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The Sugarcane Drive

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From the cramped office beneath the rafters of the old rum distillery, windows opened on one side to the outdoors, and on the other to the factory floor. The sounds and scents from inside and out met and mingled: the squealing of a drove of pigs en route to market seemed for a moment to come from indoors, where the tang of methane escaped the distillation tanks; the shouts of the workers shoveling bagasse seemed to drift up from the dockyards. A sweet note that might have been molasses in the retorts or honeysuckle climbing the eaves hung unplaceable in the air, belonging to nowhere more specific than Port-au-Prince itself.

Eugenie Rillieux listened to the experimental fuel-works as she imagined Jessaline must listen to the world itself: aware of its rhythms, and prepared to jolt into readiness the instant they stumbled, without needing to put a name to the danger. Jessaline, seated at Eugenie's desk, gave no sign of divided attention as she perused Eugenie's carefully-inked plans, but Eugenie knew not a murmur escaped her. Though Jessaline, she thought,  could not have put a name to all the factory's sounds: the  rattle of the boilers in the distillation room, the screech and hiss of the valve on the hydrogen tank, as someone-- probably Nuñez, who noticed such things-- released some of the built-up gas into another vessel before the too-fragile steel could burst.

Soon, Eugenie would have a new place, with new sounds to get used to: a purpose-built engine works, to construct the metal mouths that would eat these fuels and the metal stomachs that would turn them to power for flight. 

Jessaline read the plans through twice, the second time with an abstracted look that said she was doing sums in her head. "Copper vats," she said at last. "Copper pipe. Copper tubing. The Bureau d'Industrie has already allocated nearly the whole of domestic copper production to the dirigible fleet, and what we can purchase from Santo Domingo. And then there is the steel, and the glass, and rubber and zinc—it is too much." She straightened the papers and folded her hands neatly atop them.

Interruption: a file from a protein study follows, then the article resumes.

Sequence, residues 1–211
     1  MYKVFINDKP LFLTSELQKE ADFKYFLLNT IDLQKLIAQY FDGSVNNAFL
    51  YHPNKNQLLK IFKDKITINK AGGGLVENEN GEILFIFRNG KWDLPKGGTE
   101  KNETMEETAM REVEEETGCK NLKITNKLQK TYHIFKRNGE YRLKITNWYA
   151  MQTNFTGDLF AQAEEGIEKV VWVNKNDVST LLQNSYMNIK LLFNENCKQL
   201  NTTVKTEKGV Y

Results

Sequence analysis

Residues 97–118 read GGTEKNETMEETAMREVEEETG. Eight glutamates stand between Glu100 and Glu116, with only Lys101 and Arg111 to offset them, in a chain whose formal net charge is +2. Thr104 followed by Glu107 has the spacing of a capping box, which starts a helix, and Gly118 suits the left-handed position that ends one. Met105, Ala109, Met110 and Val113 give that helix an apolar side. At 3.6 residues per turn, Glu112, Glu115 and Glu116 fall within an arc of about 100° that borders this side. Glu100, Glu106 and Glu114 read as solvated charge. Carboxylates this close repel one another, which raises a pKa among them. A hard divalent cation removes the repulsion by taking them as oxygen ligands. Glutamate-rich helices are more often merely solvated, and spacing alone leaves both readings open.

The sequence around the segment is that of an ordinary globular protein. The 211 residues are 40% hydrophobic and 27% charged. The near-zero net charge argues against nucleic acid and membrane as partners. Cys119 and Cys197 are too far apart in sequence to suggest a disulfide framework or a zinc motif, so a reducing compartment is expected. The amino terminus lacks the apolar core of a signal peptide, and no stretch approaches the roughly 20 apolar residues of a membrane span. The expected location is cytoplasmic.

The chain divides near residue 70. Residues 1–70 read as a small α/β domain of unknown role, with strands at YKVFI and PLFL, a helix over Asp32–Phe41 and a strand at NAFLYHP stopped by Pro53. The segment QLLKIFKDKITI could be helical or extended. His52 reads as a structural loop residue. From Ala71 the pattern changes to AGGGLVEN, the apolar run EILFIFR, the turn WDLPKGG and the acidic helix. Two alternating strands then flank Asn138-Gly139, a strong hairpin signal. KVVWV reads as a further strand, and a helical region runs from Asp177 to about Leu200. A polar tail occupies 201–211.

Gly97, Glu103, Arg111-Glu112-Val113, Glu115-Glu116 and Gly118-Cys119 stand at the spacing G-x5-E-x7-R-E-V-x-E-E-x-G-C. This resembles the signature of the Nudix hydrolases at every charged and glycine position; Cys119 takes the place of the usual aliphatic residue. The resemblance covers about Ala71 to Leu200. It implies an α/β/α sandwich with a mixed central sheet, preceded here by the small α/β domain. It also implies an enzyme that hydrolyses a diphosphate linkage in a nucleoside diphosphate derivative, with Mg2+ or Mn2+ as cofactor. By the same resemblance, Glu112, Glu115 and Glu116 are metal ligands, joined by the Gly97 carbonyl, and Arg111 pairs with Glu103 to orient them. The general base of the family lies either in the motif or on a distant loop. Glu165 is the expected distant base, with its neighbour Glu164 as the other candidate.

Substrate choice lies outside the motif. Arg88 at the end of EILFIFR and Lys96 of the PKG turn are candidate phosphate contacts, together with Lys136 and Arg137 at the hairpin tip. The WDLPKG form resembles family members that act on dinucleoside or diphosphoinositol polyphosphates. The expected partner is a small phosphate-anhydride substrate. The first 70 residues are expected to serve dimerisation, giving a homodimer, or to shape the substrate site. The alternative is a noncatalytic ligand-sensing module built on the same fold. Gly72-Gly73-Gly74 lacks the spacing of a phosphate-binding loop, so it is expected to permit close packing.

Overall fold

"I see." Eugenie resisted the impulse to grab up the plans and disarrange them—or to crumple them and fling them away, for all the good they had done, for all the evenings Jessaline had watched her at her drafting-table, working by lamplight, and paused behind her to stroke her hair. "Is that what you will tell the Bureau?"

"I will tell them that I still favor your first proposal, unless you can tell me where the money is to come from for so much equipment—where the money is to come from at all, with so much cane going to this ethanol fuel?"

It had seemed so easy and efficient, when she had first set to work. Rum distillation produced effluent; effluent produced methane; methane produced methyl alcohol and hydrogen. Eugenie, taken by the wondrous efficiency of the chemistry, had laid out a plan by which the rum waste might be broken down into lighter-than-air gas to lift an airship, and efficient, clear-burning fuel to propel it-- and for a prodigious distance, with no fuel needed to provide lift. The sugarcane provided the fuel for its own refining in its woody waste, the bagasse; and the refined cane provided everything else.